I got an email from Erin over at Big Fat Baker that announced the next holiday for the Holiday Recipe Club was going to be Buddha’s Birthday. Whoa, you say….Buddha’s birthday? That’s right, It just so happens that the Holiday Recipe Club is spreading it’s wings and going international, baby. Which suits this blogger just fine. The only criteria for the HRC is that you must use at least one of the given ingredients. In celebration of Buddha’s birthday we were given a choice of: garam masala, sesame seeds and tofu.
So I was saying, about the email from Erin; I was telling McGyver about it and I was going, “well what am I going to do”? A curry came to mind first, I started rambling on and McGyver was giving me the look, like I hear you but…I don’t really care…then just like that, HUMMUS, I should make hummus. An ingredient of hummus is tahini, that’s right, ground up sesame seeds. How smart is that ! Oooh and I’ll really be special and flavor it with garam masala, double whammy.
Garam masala is a common Indian spice mix (apparently it’s Bollywood movie also), most Indian people make their own so no two are typically the same. Me, I get mine from a rare spice purveyor, McCormick’s, right not so rare, but convenient. Plus I enjoy their flavor mix. Garam Masala is typically made up of coriander, black pepper, cumin, cardamom, cinnamon, and cloves just to list a few. I could make my own but I don’t use it that frequently.
Another reason I thought of hummus is that it’s Middle Eastern, and where is Siddhartha Gautama (Buddha) from…the Middle East. Oh it makes so much sense to my brain. The hummus discussion resolved (not that McGyver was really engaged in it), McGyver and I fell into the topic of, “is Buddhism a religion or a philosophy”. Yes, we often have those kinds of discussions, we’re deep like that. Not really I think we had a couple of cocktails, which seems to make subjects more meaningful.
The answer is yes, it is both a religion and philosophy. Just a little info from Wikipedia (because I found it fascinating).
The Buddha lived and taught in the eastern part of an Indian subcontinent some time between the 6th and 4th centuries BCE.He is recognized by Buddhists as an awakened or enlightened teacher who shared his insights to help sentient beings end ignorance (avidyā), craving (taṇhā), and suffering (dukkha) of dependent origination, realize sunyata, and attain Nirvana…
…The foundations of Buddhist tradition and practice are the Three Jewels: the Buddha, the Dharma (the teachings), and the Sangha (the community). Taking “refuge in the triple gem” has traditionally been a declaration and commitment to being on the Buddhist path and in general distinguishes a Buddhist from a non-Buddhist.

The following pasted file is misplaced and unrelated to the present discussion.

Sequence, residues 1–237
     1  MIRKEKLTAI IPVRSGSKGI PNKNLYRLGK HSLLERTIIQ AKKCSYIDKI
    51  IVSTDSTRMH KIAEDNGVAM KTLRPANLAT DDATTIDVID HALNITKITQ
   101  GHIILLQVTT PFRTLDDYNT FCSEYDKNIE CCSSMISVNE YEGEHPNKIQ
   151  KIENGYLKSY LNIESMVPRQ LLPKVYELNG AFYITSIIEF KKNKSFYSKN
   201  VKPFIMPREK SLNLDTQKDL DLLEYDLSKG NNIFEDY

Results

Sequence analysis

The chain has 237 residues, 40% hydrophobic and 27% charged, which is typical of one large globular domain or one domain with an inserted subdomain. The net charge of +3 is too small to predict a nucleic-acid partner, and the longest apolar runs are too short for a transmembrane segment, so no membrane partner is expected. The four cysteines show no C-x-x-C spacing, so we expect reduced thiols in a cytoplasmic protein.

When I picture Buddha I always picture the fat, jolly Buddha but the truth is that he is the Chinese Buddha, the other Buddha images are of a strong lithe Buddha, why I wondered. I found the best answer at Yahoo:
You have to understand that Buddhism blends wherever it goes. Although the core teachings remain intact, but the outer bark–the “form” that the religion/philosophy expresses–adapts to the receiving culture. Therefore, iconic representations of ideas or teachings differ from area to area. Tibetan Buddhism has a unique flavor, and so do Japanese Buddhism, Chinese Buddhism, Thai Buddhism, Sri Lankan Buddhism, and so on.
You can think of Buddhist teachings as a vehicle, a car. You’d have all sorts of models, parts, designs, etc., but a car is still a car despite all its variable forms to choose from.
Well that was probably more education on Buddha than you cared to have on a food blog, but it’s Buddha’s birthday and he certainly deserves some recognition for all of his good teachings.
To counter the long post, the recipe is simple, consisting of chickpeas, preserved lemons (you can get the recipe for that here), salt, tahini, garlic and garam masala. The flavor of the hummus is light, full of spices with just a little lemony bite. Because I left out the olive oil (only used it on top), it’s a little friendlier to the waist, rubbing the Buddha’s belly for luck is one thing, sporting the Buddha’s belly is probably not a good thing (I’m referring to the jolly Chinese version, of course).
- 2 cans garbanzo beans (chickpeas), drained with liquid reserved
- 6 cloves garlic
- 1/2 preserved lemon, flesh and skin, rinsed
- 1 teaspoon garam masala
- 1/2 teaspoon salt or more to taste
- Extra Virgin Olive Oil and toasted sesame seeds for garnish, if desired
- Place all ingredients except reserved garbanzo bean liquid and pulse 4 to 5 times, then turn on and slowly pour the liquid through the feed tube until desired consistency is reached. Drizzle with EVOO and toasted sesame seeds. Serve with pita chips or sliced vegetables.
- Yields 2 cups
Informal Cookery Definitions A to Z
Cake. Is typically a sweet baked good served as dessert. Although pancakes, griddlecakes, and coffeecakes are quick breads and potato, zucchini, etc. cakes are all vegetable cakes share the cake name, the only commonality is the term cake. Some common forms of cake are: sponge, butter, cupcakes, Devil’s Food/Fudge cakes, pound, spice, white, fruit, cheese and chiffon. Wow, that’s a lot of cakes and I’m not sure if that list is entirely inclusive.
Cake tester. A thin metal, skewer like tool used to test whether a cake is finished cooking. The tester is inserted in the center of the cake and then viewed to see if there is batter clinging to it, if it is, the cake needs further cooking time. A toothpick is a suitable substitute.
Calf. A cow’s offspring. Only male calves are butchered for veal, the female calves are raised for breeding.
Calf Foot Jelly. A jelly made by boiling calves feet as a base for aspic. However, it has been replaced by commercial gelling agents which is said to not be as flavorful.
Check out all the other recipes celebrating Buddha’s Birthday: